There are legal grounds to seek a referendum on the proposed 20 th. Amendment to the Sri Lankan constitution, says M.A.Sumanthiran, spokesman of the Tamil National Alliance (TNA) and a leading Supreme Court lawyer.
According to Sumanthiran, the 20A seeks to change the basic principles embedded in the constitution. It gives all powers to the Executive President without any checks and balances. This is tantamount to changing the basic structure of the constitution. And if the basic features are to be changed, the amendment bill will have to be submitted to a referendum, Sumanthiran said.
Concept of Basic Structure
Explaining the concept of the “basic structure” of the constitution, Sumanthiran said that the constitution has to be necessarily democratic and cannot overly pile power on the office of Executive President. Although the 1978 constitution gave the directly elected Executive President all powers, there has been a strong and consistent movement in Sri Lanka against a powerful Executive Presidency since the time of President Chandrika Kumaratunga in the mid- 1990s. The most recent phase of the movement was in 2014-2015 when Maithripala Sirisena was elected on an explicitly abolitionist platform.
The constitution is not a lifeless document or an edict etched in stone and unalterable. It is a living, pulsating and growing organism, Sumanthiran said and added that over the years the concept of its ‘basic structure” has changed. Democracy sans concentration of power or power with checks and balance is the basic creed embedded in the spirit of the constitution, Sumanthiran averred. And when this is sought to be changed drastically, a referendum is a must, he said.
By repealing the 19 th.Amendment, the Gotabaya Rajapaksa government will be depriving the country of the checks and balances which were embedded in the 19A.
Under 20A, the Independent Commissions, appointed directly by the President, will be blindly carrying out the President’s wishes. The Parliamentary Council, which will replace the Constitutional Council, will not only be deprived of inputs from non-MPs and distinguished persons drawn from outside parliament, but will also lose its teeth because the President only needs to seek its “observations” and not its “consent”. On the other hand, the 19A makes it mandatory for him to go by the views of the Constitutional Council.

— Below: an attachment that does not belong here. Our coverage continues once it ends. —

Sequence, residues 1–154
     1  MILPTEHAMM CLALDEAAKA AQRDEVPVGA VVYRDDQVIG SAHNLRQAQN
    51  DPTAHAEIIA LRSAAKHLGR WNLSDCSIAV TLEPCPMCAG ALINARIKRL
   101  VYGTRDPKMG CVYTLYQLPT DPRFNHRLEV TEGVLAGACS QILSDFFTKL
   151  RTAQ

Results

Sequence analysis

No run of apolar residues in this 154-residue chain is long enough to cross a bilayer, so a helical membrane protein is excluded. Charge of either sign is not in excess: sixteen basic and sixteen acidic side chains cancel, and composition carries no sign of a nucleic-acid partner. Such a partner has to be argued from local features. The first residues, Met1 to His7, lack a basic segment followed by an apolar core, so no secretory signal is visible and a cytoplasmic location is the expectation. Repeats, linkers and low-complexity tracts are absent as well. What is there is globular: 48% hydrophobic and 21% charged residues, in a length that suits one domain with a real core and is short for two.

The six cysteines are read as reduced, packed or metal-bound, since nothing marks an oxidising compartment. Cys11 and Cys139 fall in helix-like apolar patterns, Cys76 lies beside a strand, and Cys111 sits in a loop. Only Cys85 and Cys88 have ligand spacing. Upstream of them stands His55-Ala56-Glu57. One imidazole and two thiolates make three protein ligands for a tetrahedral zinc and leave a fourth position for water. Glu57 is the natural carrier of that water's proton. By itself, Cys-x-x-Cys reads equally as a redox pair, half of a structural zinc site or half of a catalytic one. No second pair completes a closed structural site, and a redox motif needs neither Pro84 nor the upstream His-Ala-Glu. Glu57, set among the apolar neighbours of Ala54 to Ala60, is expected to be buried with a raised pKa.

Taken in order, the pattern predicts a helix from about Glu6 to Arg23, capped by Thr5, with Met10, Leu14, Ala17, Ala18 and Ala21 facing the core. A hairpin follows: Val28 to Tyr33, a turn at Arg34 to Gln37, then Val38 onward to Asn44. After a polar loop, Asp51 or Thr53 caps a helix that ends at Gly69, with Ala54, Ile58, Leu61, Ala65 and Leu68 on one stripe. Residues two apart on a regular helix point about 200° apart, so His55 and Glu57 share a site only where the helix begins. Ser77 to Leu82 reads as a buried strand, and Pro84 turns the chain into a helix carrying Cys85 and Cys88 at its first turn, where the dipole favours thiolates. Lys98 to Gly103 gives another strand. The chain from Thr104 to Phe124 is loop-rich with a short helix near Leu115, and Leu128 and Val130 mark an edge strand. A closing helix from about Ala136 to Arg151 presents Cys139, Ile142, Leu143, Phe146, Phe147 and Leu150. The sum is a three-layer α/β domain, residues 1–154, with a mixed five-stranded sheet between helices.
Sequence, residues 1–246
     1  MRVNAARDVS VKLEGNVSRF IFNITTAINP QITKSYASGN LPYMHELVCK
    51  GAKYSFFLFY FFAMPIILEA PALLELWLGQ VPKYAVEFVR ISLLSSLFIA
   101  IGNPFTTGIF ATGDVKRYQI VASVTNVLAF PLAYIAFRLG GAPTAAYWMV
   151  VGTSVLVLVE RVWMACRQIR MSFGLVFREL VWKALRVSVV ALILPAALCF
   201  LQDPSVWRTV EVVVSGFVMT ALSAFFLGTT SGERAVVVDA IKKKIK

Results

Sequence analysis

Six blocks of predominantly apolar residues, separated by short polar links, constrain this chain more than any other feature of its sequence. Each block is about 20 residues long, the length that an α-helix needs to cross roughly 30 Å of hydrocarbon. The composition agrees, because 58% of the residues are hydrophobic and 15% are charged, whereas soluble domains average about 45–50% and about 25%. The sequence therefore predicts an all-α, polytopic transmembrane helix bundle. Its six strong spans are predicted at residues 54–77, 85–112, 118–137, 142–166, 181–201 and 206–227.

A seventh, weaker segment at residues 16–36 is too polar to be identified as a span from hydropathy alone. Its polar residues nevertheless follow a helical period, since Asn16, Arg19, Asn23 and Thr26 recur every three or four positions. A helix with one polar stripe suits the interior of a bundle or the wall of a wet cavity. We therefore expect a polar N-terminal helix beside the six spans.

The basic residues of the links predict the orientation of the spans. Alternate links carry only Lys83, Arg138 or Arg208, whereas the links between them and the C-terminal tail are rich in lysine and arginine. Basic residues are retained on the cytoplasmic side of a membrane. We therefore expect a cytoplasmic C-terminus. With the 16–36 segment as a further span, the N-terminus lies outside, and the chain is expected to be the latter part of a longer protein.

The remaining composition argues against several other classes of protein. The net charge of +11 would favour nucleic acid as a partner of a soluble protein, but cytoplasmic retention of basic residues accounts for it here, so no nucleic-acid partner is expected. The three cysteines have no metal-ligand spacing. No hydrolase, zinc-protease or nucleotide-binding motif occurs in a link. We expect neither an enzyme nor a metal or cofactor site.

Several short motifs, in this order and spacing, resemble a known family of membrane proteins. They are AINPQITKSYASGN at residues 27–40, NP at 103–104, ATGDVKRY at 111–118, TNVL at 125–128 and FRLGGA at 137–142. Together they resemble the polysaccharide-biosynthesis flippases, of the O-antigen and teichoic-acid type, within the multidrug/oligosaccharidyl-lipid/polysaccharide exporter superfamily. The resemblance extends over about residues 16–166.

The 20A would give the President the right to recruit and sack anybody. He can join the cabinet, determine who others will be members of the Council of Ministers, what portfolios they will hold, and for how long. As the author of the 1978 Presidential constitution J.R.Jayewardene famously said about his Presidency, the President will have all powers except the power to change a man into a woman and a woman into a man.
A counter argument put out by some leading pro-government lawyers is that the 20A is only restoring features of the Lankan constitution which were there for long from 1978 onwards. The 20A will only restore the situation that existed till the 19A was passed in 2015. It is not something totally new. It is only a restoration.
Besides, it is only meant to strengthen the Executive Presidential system, which, undeniably, is one of the basic features of the constitution. Since the 20A does not change the basic features of the constitution it does not need a referendum, they aver.
But this line is rejected Sumanthiran who described it as “simplistic”. He said that one should keep in mind three things while discussing the basic structure of the constitutuon: